In the school, a registration mistake altered his name forever by shortening it to Kahlil Gibran, which remained unchanged till the rest of his life despite repeated attempts at restoring his full name. Gibran entered school on September 30, 1895, merely two months after his arrival in the U.S. Having no formal education, he was placed in an ungraded class reserved for immigrant children, who had to learn English from scratch. Gibran caught the eye of his teachers with his sketches and drawings, a hobby he had started during his childhood in Lebanon.
With Kamila’s hard work, the family’s financial standing improved as her savings allowed Peter to set up a goods store, in which both of Gibran's sisters worked. The financial strains of the family and the distance from home brought the family together, with Kamila providing both financial and emotional support to her children, especially to her introverted son Gibran. During this difficult period, Gibran's remoteness from social life and his pensive nature were deepened, and Kamila was there to help him overcome his reservedness. The mother’s independence allowed him to mingle with Boston’s social life and explore its thriving world of art and literature.
Gibran's curiosity led him to the cultural side of Boston, which exposed him to the rich world of the theatre, Opera and artistic Galleries. Prodded by the cultural scenes around him and through his artistic drawings, Gibran caught the attention of his teachers at the public school, who saw an artistic future for the Syrian boy. They contacted Fred Holland Day, an artist and a supporter of artists who opened up Gibran’s cultural world and set him on the road to artistic fame.
Gibran met Fred Holland Day in 1896, and from then his road to recognition was reached through Day’s artistic unconventionality and his contacts in Boston’s artistic circles. Day introduced Gibran to Greek mythology, world literature, contemporary writings and photography, ever prodding the inquisitive Syrian to seek self-expression. Day’s liberal education and unconventional artistic exploration influenced Gibran, who was to follow Day’s unfettered adoption of the unusual for the sake of originality and self-actualization. Other than working on Gibran’s education, Day was instrumental in lifting his self-esteem, which had suffered under the immigrant treatment and poverty of the times. Not surprisingly, Gibran emerged as a fast learner, devouring everything handed over by Day, despite weak Arabic and English. Under Day’s tutelage, Gibran uttered his first religious beliefs, when he declared "I am no longer a Catholic: I am a pagan," after reading one book given by Day.
During one of Fred Holland Day’s art exhibitions, Gibran drew a sketch of a certain Miss Josephine Peabody, an unknown poet and writer who was to later become one of his failed love experiences; later on, Gibran was to propose marriage and be met with refusal, the first blow in a series of heartaches dealt to Gibran by the women he loved.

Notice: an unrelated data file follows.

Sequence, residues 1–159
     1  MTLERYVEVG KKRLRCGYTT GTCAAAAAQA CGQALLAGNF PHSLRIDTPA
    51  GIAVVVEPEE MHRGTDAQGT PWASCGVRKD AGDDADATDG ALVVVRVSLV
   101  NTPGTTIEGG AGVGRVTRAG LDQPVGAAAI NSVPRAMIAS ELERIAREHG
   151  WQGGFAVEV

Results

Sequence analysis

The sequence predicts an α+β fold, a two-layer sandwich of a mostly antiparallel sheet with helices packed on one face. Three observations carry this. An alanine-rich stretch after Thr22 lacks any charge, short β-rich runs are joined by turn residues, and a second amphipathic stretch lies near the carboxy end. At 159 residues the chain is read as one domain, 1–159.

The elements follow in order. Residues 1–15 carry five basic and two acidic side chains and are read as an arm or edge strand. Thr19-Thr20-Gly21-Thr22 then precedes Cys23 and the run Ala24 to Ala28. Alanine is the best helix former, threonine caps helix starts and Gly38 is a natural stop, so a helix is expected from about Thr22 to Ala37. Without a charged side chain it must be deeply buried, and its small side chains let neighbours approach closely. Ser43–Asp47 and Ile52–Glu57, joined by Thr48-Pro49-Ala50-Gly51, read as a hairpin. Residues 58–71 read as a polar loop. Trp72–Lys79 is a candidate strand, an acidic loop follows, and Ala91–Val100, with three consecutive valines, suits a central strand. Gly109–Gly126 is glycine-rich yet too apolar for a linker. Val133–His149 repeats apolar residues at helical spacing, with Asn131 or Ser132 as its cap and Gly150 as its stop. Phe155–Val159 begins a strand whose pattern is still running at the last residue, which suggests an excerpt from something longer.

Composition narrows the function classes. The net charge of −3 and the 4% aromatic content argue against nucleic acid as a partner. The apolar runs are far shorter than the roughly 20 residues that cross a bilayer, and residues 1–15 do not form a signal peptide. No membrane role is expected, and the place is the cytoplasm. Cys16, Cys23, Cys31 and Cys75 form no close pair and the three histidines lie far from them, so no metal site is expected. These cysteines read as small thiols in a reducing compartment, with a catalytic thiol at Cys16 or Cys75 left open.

Continually encouraging Gibran to improve his drawings and sketches, Day was instrumental in getting Gibran’s images printed as cover designs for books in 1898. At the time, Gibran began to develop his own technique and style, encouraged by Day’s enthusiasm and support. Gradually, Gibran entered the Bostonian circles and his artistic talents brought him fame at an early age. However, his family decided that early success could cause him future problems, and with Gibran’s approval, the young artist went back to Lebanon to finish his education and learn Arabic.
In 1898, Gibran arrived in Beirut speaking poor English and even little Arabic; he could speak Arabic fluently, but not read nor write it. To improve his Arabic, Gibran chose to enroll in the school Madrasat-al-Hikmah, a Maronite-founded school which offered a nationalistic curriculum partial to church writings, history and liturgy. Gibran’s strong-willed nature refused to abide by the parochial curriculum, demanding an individual curriculum catering to his educational needs and aimed at a college level, a gesture indicative of Gibran’s rebellious and individualistic nature; his arrogance bordered on heresy. Nonetheless, the school acquiesced to his request, editing course material to Gibran's liking. He chose to immerse himself in the Arabic-language bible, intrigued by its style and writing, features of which echo in his various works. As a student, Gibran left a great impression on his teachers and fellow students, who were impressed with his outlandish and individualistic behavior, self-confidence, and his unconventional long hair. His Arabic teacher saw in him "a loving but controlled heart, an impetuous soul, a rebellious mind, an eye mocking everything it sees". However, the school’s strict and disciplined atmosphere was not to Gibran’s liking, who flagrantly flouted religious duties, skipped classes and drew sketches on books. At the school, Gibran met Joseph Hawaiik, with whom he started a magazine called al-Manarah (the Beacon), both editing while Gibran illustrated.